X = 1/2(Xleft + Xright) Y = 1/2(Yleft + Yright)

16 Subdivision Curves Chaikin’s scheme: Qi = 3/4Pi + 1/4Pi+1 Ri = 1/4Pi + 3/4Pi+1 P0 -> P1 ->P2 -> P (P =Polygon) Approximation convex hull Works on open and closed polygons Corner cutting(low pass filter) twice as much vertices after each step new vertices are connected.

17 Subdivision Curves (Example)

18 Subdivision Surfaces(1)
Powerful Paradigm !!! Infinite level of detail (LOD) original surface is compact! Easy implementation, but analysis not. Works with polygons !

19 Subdivision Surfaces(2)
Two phase Process 1) Refinement phase 2) Smoothing Phase

20 Subdivision Surfaces(3)
The details specify the scheme and thus the shape -splitting can be done in different ways. -Whether the surface is approximating or interpolating. A subdivision scheme can be specified by: -(non)Stationary -uniform, same rules for each vertex and edge (smoothing phase) -triangle/polygon

21 Subdivision Surfaces(4)

22 Subdivision Surfaces(5)
Regular/ irregular vertices. Conditions -Subdivision should be efficient thus few floating point operations. -The region of a of a control point should be finite. -Subdivision should achieve a order of smoothness thus C1 or C2. Shrinking at approximation Convex polyhedral

23 Doo-Sabin Scheme(1) For each vertex of each face there will be an new vertex created For each face, connect the new points that have been generated. Connect the new vertices to the adjacent ones

24 Doo-Sabin Scheme(2)

25 Doo Sabin Scheme (example)
Every Valence = 4 note the triangular facets Approximating

26 Catmull-Clark Sheme(1)
For each face of the mesh, generate the new face points Generate the new edge points Calculate the new vertex points The mesh is reconnected by the following method. -Each new face point is connected to the new edge points of the edges defining the original face. -Each new vertex point is connected to the new edge points of all original edges incident on the original vertex point. Catmull-Clark works with quad meshes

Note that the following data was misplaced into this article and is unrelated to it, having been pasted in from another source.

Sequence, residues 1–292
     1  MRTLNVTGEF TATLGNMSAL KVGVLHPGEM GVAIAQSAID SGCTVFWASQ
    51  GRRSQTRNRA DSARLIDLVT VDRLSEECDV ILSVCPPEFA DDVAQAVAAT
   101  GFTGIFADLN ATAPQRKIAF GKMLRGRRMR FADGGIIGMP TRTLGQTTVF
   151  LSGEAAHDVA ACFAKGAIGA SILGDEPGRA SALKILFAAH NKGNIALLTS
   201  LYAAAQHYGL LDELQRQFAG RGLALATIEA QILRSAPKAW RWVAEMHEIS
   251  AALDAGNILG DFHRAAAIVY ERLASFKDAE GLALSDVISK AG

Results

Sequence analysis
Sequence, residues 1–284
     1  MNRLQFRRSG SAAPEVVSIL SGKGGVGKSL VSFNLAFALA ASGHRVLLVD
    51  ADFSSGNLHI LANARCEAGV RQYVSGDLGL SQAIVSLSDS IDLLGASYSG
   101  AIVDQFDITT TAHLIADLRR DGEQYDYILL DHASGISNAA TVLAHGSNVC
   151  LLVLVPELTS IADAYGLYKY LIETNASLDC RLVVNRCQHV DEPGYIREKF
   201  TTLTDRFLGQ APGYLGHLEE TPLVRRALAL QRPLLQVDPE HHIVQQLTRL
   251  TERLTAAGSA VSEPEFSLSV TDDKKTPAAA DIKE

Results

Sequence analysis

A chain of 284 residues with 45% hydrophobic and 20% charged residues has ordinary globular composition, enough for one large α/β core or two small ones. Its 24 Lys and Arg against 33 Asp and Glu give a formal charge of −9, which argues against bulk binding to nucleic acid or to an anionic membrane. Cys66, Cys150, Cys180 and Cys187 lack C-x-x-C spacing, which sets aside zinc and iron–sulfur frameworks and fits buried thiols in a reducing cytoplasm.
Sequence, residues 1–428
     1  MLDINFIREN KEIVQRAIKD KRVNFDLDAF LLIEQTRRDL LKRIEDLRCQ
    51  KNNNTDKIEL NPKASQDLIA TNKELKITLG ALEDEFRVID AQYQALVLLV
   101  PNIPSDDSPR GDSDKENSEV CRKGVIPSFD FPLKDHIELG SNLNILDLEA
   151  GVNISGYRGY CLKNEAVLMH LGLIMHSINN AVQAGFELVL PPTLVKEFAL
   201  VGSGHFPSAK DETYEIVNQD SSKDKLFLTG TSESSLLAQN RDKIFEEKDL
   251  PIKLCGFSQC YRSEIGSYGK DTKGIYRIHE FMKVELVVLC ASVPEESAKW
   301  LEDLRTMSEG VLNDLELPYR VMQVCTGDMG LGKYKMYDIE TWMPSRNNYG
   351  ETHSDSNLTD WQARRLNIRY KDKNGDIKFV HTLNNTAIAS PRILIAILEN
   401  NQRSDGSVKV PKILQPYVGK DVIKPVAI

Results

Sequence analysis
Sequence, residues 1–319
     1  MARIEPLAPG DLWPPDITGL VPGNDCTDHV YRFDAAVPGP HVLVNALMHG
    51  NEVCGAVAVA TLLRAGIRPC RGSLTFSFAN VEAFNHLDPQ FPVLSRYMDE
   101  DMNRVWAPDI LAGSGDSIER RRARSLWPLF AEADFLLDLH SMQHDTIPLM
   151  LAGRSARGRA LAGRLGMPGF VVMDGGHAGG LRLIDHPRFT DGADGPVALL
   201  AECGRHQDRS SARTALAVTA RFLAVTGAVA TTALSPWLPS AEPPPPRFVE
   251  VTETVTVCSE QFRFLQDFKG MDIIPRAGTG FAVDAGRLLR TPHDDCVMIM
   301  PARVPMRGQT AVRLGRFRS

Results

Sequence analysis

27 Catmull-Clark Scheme(2)

28 Catmull-Clark Scheme (example)
Every face has 4 control points Vertices retain their valence First order continuity at a irregular vertex Approximating Subdivision can be adapted at certain places where more detail is needed.

29 Loop-Scheme(1) The Loop scheme is defined for triangle meshes only
Every triangle will be split in 4 new triangles. m triangles, with n steps, 4n m triangles. Most edges are shared by two triangles phase 1: refinement. Phase 2: fix geometry look at mesh not just a triangle

30 Loop Scheme(2) First formula updates existing vertices
Second updates the new vertices

31 Loop Scheme(3) Valence = 6 (regular) Mask (draw)
New point should lie on the neighbourhood of the weighted points Next Beta-function give C2 at regular vertices

32 Loop Scheme(3) First formula calculates directly a limit point
Second formula calculates a limit tangent use cross product to get the normal, n = tu x tv With many subdivisions a model shrinks, a solution might be to increase more vertices at the control mesh